An independent station with a flair for creative freedom, Dublin Digital Radio has thrived in an industry seeing increasing cuts and closures. With digital stations RTÉ Pulse and RTÉ 2XM sent to the gallows after RTÉ announced massive cuts, DDR, a volunteer-based station, continues to shine in Dublin’s dismal cultural climate.
Devised in 2016 by Brian McNamara and Sean Finnan, DDR has flourished since its establishment. Talking to Trinity News, Finnan shared how he and McNamara wanted to start DDR: “because we felt there was a gap in broadcasting [and] media… in general.” Three years later, the station airs over 140 shows and has become a community for creatives and artists, all of whom are volunteers. Shows are broadcast live on DDR’s website and shared on their Mixcloud account promptly after airing. The station’s ethos is based around “providing a quality platform for the various communities striving to create a socially and culturally progressive city” as well as being “inclusive” and striving to topple “media and cultural gatekeepers without losing [a] local [essence]”.
“…the station airs over 140 shows and has become a community for creatives and artists, all of whom are volunteers.”
DDR is currently based in Jigsaw, a community space on the northside of Dublin. Although this allows the station to curate shows and host parties, operating out of a room rather than a fully-functioning studio isn’t the most ideal. This has led to the station’s need for crowdfunding for a new fit-for-purpose sound-proof studio which will allow the residents to have more equipment at their disposal as well as a practical office space and guest lounge. Thanks to the support of their listeners, DDR were able to raise the €15,000 needed within a week. The new studio will be located in the old fruit and vegetable market in Smithfield. With construction already in the works, there is hope it will be ready before the end of the year.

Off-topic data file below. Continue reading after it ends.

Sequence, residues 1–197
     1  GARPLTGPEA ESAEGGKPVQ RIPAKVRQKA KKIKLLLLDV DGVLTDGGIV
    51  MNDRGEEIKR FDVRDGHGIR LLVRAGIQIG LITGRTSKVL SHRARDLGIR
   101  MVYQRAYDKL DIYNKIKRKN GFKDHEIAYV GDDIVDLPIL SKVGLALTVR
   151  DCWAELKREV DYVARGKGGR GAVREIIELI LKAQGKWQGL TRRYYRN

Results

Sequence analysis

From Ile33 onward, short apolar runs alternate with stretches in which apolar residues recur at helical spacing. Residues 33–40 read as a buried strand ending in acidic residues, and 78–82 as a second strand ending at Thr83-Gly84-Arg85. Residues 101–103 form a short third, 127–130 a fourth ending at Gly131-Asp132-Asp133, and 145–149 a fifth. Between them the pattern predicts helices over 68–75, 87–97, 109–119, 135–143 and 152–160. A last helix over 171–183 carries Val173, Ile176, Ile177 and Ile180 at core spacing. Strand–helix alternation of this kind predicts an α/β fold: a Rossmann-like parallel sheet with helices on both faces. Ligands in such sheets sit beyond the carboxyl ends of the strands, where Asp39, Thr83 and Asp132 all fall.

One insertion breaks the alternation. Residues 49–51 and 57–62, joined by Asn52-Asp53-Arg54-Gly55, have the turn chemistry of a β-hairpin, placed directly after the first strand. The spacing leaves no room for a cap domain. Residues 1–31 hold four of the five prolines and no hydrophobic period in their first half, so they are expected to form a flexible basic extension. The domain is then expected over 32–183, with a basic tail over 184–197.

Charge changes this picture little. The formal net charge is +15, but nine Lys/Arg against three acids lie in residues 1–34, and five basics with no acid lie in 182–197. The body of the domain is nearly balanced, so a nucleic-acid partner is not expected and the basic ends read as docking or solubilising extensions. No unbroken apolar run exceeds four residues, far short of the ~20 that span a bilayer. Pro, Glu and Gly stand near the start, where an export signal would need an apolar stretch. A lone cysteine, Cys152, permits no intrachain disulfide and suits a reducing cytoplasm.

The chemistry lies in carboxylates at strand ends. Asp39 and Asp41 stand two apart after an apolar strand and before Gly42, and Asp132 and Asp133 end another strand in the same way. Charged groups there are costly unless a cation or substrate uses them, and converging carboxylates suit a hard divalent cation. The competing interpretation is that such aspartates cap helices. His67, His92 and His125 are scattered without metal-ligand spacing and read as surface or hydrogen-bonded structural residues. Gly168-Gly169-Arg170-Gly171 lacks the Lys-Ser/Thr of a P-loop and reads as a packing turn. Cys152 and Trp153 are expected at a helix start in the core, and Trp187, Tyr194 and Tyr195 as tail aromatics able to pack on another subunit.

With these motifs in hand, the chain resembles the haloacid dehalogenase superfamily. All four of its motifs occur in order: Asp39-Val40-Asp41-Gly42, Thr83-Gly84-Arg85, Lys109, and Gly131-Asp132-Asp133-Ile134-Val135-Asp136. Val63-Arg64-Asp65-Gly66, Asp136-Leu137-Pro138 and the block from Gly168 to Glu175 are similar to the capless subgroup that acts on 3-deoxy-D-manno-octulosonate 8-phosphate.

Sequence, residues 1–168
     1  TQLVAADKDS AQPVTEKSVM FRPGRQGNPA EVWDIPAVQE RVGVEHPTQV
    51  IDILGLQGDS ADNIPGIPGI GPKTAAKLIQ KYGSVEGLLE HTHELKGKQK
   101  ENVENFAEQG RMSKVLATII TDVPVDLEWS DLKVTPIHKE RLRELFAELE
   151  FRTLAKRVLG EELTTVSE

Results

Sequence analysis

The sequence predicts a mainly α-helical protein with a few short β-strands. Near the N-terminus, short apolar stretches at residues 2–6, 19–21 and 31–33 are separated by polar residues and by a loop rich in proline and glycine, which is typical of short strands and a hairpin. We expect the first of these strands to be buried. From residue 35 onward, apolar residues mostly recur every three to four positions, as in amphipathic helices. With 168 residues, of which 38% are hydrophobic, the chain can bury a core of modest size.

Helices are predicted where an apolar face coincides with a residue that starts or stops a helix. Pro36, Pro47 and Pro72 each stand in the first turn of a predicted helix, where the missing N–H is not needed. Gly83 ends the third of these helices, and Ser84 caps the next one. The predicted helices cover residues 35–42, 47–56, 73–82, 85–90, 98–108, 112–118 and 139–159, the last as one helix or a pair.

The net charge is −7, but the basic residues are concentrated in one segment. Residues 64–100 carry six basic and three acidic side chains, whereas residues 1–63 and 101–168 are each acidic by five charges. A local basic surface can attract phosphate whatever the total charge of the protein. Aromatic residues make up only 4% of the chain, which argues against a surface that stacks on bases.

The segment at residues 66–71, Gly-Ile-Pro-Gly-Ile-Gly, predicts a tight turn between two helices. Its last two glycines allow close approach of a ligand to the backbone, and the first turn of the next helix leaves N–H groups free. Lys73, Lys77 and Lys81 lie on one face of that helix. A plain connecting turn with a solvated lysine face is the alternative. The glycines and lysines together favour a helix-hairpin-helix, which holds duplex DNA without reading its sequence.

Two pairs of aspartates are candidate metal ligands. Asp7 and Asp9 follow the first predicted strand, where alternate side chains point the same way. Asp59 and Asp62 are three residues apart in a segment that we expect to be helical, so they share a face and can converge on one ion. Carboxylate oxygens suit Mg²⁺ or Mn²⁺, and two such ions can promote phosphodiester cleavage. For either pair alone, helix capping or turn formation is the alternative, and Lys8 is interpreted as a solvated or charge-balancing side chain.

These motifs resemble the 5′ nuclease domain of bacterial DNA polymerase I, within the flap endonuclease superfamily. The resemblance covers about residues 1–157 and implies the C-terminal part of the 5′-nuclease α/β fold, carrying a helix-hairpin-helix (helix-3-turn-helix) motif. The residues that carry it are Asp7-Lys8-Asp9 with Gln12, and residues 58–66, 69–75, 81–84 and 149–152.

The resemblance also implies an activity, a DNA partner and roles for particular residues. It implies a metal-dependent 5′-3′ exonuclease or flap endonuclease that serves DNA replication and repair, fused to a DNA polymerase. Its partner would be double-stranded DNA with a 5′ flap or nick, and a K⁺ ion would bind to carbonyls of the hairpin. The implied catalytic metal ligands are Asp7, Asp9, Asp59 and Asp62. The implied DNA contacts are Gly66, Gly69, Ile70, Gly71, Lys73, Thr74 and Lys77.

Along with their Patreon, studio parties and table quizzes, the station is able to fund themselves, making them completely independent from any and all advertising. The station won the Mixcloud Online Radio Station of the Year award back in 2018 — a feat which speaks to the quality of the shows produced. They have also accumulated 150,000 live listeners and more than 200,000 playbacks of their shows since their initial broadcast. Unlike larger radio stations which specialise in a specific genre, music of all genres, as well as documentaries and discussion shows are included in their programming.
The parties which raise funds for the station are unique and intrinsic to DDR. With only a small space to play around with, the studio transforms into a dance floor. Finnan described the studio as having “no bar, no security. We do the door. We dictate the atmosphere,” making these parties like no other in Dublin. Residents play their sets throughout the night and the opening slot is given to a performance artist, usually a resident of the station who sets the tone for the rest of the evening. They differ completely from the usual nights of generic pop music found elsewhere and enable DDR’s listeners to contribute to the station whilst enjoying the free-spirited nature of a night on the town.
“Thanks to the support of their listeners, DDR were able to raise the €15,000 needed. Amazingly, the company was able to do so within a week.”